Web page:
The substantial issue raised by the Government rests on an undisputed fact. The Government asserts that Respondent's DEA Certificate of Registration must be revoked because Respondent does not have a nursing licensed issued by the state in which she practices. Under DEA precedent, a practitioner's DEA Certificate of Registration for controlled substances must be summarily revoked if the applicant is not authorized to handle controlled substances in the state in which she maintains her DEA registration.[1] Pursuant to 21 U.S. C. 823(f), only a “practitioner” may receive a DEA registration. Under 21 U.S. C. 802(21), a “practitioner” must be “licensed, registered, or otherwise permitted, by the United States or the jurisdiction in which he practices or does research, to distribute [or] dispense . . . controlled substance[s.]” Given this statutory language, the DEA Administrator does not have the authority under the Controlled Substances Act to maintain a practitioner's registration if that practitioner is not authorized to dispense controlled substances.[2]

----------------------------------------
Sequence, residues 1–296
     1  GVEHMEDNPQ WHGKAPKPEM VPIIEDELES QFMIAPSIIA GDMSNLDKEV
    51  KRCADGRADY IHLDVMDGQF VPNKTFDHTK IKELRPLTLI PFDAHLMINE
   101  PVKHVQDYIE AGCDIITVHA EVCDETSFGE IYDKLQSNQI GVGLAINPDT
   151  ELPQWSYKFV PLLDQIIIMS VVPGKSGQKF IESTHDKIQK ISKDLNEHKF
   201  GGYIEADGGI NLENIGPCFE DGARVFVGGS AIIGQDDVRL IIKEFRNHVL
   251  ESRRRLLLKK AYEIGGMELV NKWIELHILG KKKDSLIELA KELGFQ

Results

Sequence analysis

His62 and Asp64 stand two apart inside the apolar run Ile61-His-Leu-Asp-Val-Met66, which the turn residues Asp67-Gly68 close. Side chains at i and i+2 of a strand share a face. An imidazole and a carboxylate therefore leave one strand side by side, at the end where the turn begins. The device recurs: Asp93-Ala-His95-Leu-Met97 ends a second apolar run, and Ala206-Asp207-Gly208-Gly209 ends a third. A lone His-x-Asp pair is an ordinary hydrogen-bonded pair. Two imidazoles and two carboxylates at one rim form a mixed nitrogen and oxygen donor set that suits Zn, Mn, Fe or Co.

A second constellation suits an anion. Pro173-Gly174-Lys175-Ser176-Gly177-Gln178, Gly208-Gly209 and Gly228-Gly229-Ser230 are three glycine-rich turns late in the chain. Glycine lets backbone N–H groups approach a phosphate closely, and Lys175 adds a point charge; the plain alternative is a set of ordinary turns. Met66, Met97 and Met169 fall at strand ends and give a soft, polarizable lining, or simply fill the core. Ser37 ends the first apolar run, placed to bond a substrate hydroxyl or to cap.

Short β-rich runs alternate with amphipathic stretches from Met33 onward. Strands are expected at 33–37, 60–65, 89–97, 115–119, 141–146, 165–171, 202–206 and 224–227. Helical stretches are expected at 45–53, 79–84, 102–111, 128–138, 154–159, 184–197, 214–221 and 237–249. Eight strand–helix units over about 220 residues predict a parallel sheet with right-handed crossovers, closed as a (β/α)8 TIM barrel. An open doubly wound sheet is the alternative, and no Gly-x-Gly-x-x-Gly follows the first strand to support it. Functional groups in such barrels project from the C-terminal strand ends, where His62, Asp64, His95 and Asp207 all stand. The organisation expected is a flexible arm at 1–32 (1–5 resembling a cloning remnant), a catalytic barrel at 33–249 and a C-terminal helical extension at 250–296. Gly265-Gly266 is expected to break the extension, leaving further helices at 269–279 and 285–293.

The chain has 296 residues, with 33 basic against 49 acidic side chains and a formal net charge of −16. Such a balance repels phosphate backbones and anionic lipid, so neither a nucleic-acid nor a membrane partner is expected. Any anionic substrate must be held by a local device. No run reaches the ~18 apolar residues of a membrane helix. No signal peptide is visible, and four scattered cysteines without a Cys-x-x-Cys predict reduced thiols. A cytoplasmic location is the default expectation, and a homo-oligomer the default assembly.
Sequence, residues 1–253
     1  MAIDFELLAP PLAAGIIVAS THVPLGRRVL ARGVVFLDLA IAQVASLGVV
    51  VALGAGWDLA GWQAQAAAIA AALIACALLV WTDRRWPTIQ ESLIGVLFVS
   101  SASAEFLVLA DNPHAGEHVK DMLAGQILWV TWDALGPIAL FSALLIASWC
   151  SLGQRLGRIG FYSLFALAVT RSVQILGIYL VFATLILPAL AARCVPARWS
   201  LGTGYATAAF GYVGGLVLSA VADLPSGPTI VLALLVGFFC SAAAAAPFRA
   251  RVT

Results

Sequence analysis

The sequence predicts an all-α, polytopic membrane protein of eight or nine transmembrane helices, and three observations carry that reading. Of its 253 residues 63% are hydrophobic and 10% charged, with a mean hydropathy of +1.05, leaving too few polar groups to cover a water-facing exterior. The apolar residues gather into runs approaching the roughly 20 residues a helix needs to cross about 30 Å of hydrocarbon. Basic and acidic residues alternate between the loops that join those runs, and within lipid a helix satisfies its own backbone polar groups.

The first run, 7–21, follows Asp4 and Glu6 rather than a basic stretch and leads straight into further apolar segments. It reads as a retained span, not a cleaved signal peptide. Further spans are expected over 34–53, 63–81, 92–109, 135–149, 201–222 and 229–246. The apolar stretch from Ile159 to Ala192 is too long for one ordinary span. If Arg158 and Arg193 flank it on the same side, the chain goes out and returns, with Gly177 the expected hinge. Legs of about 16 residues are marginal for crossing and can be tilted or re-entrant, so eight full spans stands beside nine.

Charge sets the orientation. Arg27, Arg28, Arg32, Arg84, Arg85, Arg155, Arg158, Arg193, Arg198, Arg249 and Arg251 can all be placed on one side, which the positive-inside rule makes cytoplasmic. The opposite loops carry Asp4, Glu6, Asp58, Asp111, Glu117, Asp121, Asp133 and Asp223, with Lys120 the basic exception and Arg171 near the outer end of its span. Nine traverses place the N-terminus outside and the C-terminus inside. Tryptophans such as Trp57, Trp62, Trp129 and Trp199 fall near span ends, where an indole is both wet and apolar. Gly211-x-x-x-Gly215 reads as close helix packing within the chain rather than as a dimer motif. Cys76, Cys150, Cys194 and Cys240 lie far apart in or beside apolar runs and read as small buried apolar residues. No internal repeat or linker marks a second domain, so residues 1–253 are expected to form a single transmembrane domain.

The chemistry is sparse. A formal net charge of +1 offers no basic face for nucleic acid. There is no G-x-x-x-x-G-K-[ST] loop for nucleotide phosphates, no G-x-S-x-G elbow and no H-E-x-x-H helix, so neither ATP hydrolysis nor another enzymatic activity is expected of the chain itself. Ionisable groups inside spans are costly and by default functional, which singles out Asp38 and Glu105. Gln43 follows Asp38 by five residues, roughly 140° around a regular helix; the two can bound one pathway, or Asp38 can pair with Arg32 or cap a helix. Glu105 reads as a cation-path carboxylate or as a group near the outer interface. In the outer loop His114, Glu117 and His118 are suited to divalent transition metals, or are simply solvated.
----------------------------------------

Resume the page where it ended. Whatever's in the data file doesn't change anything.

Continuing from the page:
Start Printed Page 28643